Key Technologies to Accelerate the Development of New Video Services

Release Date:2021-01-22  Author:By Wang Jindong  Click:

Painpoints in New Video Service Development
Currently, as videos are developing towards ultra HD, immersive experience and strong interactivity, many new video services are emerging in the media industry, for example, virtual reality (VR), multi-viewpoint video (MVV), and free-viewpoint video (FVV). Meanwhile, the pandemic has accelerated the adoption of online education, making it a must-have for many households. However, when launching these services, telecom operators still face many painpoints.
Painpoints for VR services include: lack of high-quality content, flat videos affecting immersive experience; high requirements for content transmission bandwidth; and high transmission latency, which may cause motion sickness. 
Painpoints for MVV and FVV include: poor user experience when multiple views of the same content are displayed asynchronously; high cost and complicated deployment resulting from many cameras required by FVV; and difficulty in meeting users' personalized requirements with unified viewpoint direction. 
Those for online education include difficultly in implementing bidirectional interaction on a TV screen; high network latency, severe packet loss and stutters; and high network distribution costs when there are open classes and large classes.

ZTE's Key technologies to Solve the Painpoints
ZTE has developed a series of key technologies to solve the above-mentioned painpoints. 

Key Technologies for VR 
For the lack of VR content, ZTE developed the image quality enhancement and 2D-to-3D video conversion technologies.
Image quality enhancement: This technology divides video scenarios based on an understanding of the content, implements inter-frame algorithm and single-frame optimization algorithm respectively for each scenario based on deep neural networks, and then combines them with audio to generate the final video content. The technology covers all the important functions, including video repair, super-resolution, frame rate conversion, image denoising and sharpening, and color enhancement, and supports enhancement of live and VOD content with various formats, bitrates and frame rates. It has gained impressive achievements in CVPR and many other competitions at home and abroad.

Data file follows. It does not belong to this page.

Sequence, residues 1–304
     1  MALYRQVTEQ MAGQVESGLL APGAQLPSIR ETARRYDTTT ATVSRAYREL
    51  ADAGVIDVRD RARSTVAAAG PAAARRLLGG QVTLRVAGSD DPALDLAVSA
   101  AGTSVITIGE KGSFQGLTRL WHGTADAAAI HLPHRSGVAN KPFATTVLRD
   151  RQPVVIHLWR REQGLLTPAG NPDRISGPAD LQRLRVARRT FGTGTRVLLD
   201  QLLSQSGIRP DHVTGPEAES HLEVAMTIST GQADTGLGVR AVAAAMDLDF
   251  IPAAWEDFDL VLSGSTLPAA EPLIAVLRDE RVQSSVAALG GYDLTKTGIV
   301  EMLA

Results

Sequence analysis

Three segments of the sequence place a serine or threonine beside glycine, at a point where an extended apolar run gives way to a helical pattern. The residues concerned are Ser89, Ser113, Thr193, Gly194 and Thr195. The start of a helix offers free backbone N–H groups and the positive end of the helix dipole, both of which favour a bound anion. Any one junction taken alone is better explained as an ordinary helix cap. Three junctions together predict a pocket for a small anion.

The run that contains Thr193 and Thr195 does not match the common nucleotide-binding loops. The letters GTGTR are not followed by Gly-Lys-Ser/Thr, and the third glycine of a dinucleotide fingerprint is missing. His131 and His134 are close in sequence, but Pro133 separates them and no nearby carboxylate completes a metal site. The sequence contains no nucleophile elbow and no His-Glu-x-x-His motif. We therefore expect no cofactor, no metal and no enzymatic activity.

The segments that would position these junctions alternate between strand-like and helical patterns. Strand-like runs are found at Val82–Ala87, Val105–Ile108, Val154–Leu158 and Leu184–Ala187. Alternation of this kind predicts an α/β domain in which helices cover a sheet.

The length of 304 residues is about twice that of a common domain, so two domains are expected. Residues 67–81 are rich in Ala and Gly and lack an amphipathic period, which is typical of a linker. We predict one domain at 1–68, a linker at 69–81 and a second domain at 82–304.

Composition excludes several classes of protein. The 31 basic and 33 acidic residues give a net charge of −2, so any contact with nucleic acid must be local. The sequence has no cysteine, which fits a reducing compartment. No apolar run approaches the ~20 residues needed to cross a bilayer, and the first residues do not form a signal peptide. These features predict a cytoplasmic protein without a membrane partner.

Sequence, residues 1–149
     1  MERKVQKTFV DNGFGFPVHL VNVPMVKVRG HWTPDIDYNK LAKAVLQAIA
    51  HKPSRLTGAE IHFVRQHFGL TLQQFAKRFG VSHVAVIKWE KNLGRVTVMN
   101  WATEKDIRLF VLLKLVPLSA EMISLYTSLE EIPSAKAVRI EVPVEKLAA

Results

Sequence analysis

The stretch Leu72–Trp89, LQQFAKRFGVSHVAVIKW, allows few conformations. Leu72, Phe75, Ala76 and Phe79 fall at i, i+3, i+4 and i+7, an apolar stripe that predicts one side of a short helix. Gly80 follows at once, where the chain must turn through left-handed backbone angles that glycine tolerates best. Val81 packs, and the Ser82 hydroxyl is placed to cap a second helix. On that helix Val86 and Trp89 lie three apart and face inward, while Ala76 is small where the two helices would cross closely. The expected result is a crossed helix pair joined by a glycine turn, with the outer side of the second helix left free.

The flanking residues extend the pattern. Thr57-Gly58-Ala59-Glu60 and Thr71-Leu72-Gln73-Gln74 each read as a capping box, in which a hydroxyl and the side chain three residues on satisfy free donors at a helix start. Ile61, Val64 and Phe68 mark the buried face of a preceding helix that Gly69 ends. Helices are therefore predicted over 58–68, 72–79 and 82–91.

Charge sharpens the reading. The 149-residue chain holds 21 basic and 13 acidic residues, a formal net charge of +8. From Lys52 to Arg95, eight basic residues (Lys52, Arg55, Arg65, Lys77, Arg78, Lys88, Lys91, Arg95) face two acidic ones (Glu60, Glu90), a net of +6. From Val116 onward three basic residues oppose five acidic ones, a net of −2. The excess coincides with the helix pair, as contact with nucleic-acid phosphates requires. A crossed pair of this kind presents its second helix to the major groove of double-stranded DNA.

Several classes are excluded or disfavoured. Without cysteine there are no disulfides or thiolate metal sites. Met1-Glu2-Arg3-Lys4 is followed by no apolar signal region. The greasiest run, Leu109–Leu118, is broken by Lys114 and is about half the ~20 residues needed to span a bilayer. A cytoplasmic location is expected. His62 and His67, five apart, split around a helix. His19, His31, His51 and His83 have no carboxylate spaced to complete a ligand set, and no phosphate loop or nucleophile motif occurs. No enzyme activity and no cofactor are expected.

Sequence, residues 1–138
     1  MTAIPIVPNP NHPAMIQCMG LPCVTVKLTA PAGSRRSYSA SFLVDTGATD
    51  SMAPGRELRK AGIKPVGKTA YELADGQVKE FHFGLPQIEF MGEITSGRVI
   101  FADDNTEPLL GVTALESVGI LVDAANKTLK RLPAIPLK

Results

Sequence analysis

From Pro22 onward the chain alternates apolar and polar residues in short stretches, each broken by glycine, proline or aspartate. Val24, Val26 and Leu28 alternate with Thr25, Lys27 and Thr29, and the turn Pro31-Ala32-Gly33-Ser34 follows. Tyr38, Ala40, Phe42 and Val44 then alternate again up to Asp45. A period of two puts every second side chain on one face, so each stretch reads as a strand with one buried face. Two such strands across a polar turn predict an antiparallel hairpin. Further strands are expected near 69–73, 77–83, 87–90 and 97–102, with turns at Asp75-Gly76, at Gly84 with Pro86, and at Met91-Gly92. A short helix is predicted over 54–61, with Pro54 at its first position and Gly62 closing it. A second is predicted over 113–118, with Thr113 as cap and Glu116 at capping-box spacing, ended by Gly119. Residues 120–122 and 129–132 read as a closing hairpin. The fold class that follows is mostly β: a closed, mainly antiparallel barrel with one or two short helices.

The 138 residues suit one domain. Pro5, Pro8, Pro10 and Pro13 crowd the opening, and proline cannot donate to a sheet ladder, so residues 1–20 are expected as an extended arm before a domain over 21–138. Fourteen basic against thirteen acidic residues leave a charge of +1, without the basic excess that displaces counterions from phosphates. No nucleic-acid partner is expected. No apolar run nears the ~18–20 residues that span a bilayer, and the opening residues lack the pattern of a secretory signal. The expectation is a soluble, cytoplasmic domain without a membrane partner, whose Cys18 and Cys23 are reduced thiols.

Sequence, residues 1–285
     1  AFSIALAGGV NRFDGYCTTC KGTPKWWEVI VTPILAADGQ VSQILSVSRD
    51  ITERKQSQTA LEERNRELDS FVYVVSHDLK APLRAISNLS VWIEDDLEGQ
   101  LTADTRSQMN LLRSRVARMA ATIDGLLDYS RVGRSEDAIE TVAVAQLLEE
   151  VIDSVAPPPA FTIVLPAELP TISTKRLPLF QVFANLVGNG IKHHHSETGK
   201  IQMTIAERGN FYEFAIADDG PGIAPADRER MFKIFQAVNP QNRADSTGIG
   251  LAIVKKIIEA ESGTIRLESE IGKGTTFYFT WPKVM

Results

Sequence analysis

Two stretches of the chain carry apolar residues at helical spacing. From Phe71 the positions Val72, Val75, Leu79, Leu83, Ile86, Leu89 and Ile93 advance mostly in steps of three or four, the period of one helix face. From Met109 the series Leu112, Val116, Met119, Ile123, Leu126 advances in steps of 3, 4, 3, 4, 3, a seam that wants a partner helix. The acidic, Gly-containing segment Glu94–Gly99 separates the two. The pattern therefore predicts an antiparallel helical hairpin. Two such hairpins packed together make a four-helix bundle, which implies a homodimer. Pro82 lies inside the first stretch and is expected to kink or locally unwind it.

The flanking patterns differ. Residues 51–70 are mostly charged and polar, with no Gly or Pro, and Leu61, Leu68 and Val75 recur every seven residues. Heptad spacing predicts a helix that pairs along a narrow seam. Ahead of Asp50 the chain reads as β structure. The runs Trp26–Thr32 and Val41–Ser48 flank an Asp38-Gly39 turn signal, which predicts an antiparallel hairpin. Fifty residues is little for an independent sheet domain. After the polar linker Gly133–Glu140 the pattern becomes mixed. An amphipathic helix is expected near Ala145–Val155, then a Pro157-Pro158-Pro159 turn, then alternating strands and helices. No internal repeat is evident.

2D-to-3D video conversion: The traditional 2D-to-3D video conversion assigns depths to various regions in an image, then produces a parallax map, and finally synthesizes the left and right images. ZTE's smart depth perception and prediction network automatically and rapidly collects the depth information from the original images and videos to form a depth map, and then adopts the depth image based rendering (DIBR) algorithm to deal with various complicated scenarios such as smog and running water. In addition, it supports various formats such as left/right, up/down, and interleaved format, as well as various terminals such as VR HMDs, 2D/3D TVs, laptops, and smartphones. After the conversion, the quality indicators such as the overall image brightness, clarity, and sharpness of the object edge, have gained recognition from many operators and have been widely appreciated at many major exhibitions at home and abroad.   
To meet the high bandwidth requirements for VR, ZTE proposed four key technologies to reduce the transmission bandwidth of UHD VR. 
FOV+: An entry-level (8K) VR content requires a transmission bandwidth of 120-150 Mbps, posing huge challenges on the access and transmission network, the server and client. The latest tile-based FOV transmission overlaps a low-quality background stream with a high-quality FOV stream, which can save about 50% of the bandwidth. The FOV+ technology, first proposed by ZTE, transmits images with a slightly larger FOV to cope with network and processing latency. If a user rotates head at a speed of 120 degree per second, the transmission of an additional 6 degrees of image in all directions can compensate for 50 ms RTT latency, which means an extra 20% of transmission bandwidth can be saved compared to the tile-based FOV solution.   
Region-wise packing: To avoid content gaps when the users rotates their head quickly, ZTE proposed the industry's first viewport dependent transmission solution based on region-wise packing. This solution processes the original omnidirectional spherical videos by using non-uniform mapping. In this way, when serving users, high quality is guaranteed within the viewport while low quality is provided in other regions, which reduces the overall bitrate.